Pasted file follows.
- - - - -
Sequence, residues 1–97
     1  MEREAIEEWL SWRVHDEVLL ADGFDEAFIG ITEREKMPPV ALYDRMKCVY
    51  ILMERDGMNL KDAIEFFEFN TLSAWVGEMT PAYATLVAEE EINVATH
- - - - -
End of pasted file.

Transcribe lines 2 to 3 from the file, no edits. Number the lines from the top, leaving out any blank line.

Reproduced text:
     1  MEREAIEEWL SWRVHDEVLL ADGFDEAFIG ITEREKMPPV ALYDRMKCVY
    51  ILMERDGMNL KDAIEFFEFN TLSAWVGEMT PAYATLVAEE EINVATH